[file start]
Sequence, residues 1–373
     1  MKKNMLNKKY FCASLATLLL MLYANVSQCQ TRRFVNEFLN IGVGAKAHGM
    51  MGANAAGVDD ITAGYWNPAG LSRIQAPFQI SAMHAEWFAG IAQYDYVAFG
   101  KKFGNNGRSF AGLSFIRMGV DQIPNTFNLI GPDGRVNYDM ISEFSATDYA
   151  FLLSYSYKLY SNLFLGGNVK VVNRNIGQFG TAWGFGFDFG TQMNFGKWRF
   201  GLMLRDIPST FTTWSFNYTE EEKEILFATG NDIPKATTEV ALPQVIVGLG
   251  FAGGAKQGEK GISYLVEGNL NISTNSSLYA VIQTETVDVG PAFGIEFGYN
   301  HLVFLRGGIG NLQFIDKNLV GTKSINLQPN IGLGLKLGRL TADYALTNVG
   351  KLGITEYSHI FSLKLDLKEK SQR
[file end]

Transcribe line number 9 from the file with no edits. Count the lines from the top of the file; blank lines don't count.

   351  KLGITEYSHI FSLKLDLKEK SQR